The odds of the U.S. lowering interest rates to negative levels remain low, because other forms of monetary policy such as quantitative easing could be adopted first.
The odds of utilizing quantitative easing are "quite high" or policies such as the use of repurchase agreements and the term deposit facility, said Michael Kramer, a portfolio manager on Covestor, the online investing marketplace and founder of Mott Capital Management, a registered investment advisor in Garden City, NY.
Choosing a negative interest rate policy (NIRP) in the U.S. would also affect the stock markets immensely and hinder bank profits.
"Due to the size of treasury and money markets, it could have some very severe ramifications," he said. "In my view, our treasury markets are the safest and most liquid in the world."
Investors would seek a higher return on capital elsewhere such as higher paying bonds which carry more risk, Kramer said.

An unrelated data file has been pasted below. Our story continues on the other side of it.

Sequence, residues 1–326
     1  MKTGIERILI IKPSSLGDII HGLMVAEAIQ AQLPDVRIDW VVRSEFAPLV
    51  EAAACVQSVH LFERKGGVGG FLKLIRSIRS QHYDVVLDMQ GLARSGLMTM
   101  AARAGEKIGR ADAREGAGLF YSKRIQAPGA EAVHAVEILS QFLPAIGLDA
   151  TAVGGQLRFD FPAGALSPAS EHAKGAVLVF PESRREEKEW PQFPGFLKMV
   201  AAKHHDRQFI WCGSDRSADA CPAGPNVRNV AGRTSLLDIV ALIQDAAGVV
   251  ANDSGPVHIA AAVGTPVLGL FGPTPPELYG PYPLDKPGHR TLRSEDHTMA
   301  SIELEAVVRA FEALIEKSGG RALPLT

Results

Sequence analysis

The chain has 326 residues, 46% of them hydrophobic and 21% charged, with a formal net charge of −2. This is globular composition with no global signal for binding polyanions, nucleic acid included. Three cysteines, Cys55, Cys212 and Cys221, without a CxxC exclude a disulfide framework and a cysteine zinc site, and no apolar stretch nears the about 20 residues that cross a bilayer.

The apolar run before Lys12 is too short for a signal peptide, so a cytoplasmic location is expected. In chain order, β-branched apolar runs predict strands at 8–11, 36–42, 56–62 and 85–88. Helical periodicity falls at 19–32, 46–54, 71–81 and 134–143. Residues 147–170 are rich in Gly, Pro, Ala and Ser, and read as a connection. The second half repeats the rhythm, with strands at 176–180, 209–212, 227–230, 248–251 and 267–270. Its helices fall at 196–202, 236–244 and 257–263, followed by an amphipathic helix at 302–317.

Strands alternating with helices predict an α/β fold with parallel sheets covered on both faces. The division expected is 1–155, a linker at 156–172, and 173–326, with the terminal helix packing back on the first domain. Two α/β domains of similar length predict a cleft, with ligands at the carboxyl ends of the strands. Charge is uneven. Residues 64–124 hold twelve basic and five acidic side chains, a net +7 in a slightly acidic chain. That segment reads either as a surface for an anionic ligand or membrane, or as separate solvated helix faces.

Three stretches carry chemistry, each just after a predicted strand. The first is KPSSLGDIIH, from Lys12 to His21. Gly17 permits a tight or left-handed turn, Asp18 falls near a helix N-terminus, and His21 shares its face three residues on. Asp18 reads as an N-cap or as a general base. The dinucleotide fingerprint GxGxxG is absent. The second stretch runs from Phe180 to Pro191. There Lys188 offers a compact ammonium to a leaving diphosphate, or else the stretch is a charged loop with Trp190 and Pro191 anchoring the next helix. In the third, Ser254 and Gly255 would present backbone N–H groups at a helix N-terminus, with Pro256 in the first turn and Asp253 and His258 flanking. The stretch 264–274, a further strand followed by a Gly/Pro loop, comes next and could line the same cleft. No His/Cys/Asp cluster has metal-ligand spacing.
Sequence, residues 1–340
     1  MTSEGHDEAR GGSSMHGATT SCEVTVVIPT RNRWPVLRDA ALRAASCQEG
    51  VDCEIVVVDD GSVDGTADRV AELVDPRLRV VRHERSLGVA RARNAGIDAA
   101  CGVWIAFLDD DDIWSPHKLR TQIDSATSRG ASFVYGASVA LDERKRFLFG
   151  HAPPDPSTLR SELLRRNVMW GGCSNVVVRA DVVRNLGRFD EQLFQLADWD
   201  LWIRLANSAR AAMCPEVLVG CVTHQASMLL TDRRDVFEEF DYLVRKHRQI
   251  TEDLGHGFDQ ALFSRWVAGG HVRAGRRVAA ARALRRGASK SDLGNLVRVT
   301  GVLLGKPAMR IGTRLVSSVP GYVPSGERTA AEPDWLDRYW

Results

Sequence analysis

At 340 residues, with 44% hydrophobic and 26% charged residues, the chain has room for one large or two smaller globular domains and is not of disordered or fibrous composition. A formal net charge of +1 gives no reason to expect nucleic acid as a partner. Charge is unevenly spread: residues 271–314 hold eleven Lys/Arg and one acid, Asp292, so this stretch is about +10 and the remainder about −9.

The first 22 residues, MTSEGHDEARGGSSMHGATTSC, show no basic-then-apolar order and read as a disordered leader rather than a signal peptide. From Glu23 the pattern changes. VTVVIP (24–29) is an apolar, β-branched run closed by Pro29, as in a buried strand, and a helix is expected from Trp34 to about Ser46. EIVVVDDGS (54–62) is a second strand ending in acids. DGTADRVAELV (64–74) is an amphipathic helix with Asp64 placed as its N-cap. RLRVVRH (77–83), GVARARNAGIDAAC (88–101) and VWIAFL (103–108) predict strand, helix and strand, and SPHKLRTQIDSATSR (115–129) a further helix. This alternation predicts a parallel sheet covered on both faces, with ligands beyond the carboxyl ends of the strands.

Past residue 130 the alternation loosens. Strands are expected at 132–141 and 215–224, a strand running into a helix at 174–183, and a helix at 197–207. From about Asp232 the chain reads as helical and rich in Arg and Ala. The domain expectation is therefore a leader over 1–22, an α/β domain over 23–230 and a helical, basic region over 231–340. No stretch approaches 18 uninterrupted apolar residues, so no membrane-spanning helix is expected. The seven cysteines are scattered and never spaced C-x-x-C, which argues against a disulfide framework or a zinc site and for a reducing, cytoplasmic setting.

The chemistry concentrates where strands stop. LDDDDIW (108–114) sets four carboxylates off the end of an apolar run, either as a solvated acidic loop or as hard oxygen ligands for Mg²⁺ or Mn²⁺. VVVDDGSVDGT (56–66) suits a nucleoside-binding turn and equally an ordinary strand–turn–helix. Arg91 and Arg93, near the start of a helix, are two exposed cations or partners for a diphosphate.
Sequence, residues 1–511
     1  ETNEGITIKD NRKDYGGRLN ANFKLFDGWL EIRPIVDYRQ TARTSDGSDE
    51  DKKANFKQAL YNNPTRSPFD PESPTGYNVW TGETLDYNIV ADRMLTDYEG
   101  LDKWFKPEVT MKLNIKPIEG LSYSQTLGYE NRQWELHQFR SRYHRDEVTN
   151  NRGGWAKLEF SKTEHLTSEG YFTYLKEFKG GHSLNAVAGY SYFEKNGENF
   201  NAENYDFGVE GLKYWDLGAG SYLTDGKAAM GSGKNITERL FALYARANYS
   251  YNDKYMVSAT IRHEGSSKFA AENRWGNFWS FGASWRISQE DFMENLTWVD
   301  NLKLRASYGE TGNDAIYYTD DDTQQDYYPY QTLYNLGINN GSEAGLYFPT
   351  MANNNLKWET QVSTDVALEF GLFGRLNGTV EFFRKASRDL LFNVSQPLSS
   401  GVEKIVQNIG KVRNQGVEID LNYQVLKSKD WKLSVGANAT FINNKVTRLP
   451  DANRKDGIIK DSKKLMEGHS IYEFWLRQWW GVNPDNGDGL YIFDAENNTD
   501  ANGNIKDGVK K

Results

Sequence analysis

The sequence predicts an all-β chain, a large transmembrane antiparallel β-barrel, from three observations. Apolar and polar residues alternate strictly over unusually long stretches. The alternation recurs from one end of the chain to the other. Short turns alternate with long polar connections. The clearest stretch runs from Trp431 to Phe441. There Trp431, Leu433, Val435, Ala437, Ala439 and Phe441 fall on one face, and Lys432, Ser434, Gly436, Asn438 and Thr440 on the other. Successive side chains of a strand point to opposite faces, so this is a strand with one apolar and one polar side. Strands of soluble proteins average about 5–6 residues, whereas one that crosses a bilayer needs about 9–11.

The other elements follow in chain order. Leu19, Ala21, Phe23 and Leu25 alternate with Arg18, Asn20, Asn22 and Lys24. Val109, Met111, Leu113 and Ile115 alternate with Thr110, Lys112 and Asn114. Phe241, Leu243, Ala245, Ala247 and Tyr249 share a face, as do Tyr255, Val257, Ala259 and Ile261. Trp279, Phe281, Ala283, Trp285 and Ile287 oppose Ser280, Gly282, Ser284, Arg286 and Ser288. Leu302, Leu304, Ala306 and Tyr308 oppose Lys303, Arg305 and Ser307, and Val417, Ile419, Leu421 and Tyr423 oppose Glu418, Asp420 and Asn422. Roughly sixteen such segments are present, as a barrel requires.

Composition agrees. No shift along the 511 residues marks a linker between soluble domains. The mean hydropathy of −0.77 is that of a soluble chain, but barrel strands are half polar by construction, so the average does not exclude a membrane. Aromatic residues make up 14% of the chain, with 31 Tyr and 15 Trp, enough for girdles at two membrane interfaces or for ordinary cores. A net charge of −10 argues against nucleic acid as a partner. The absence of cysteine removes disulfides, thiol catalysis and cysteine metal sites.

"This could become problematic for the US government which is dependent on issuing debt to fund the government operation," he said.
Negative rates in the U.S. would result in too much risk and backlash and would only occur if all other attempts by the Fed failed.
"At this point, the Fed has a few other tools it can use before it has to use the tool of last resort," Kramer said.
The use of negative rates remains divisive despite the growing adoption of them in the central banks of the Eurozone along with Denmark, Japan, Sweden and Switzerland. In countries such as Japan and Germany, investors are forced to pay a fee instead of earning interest.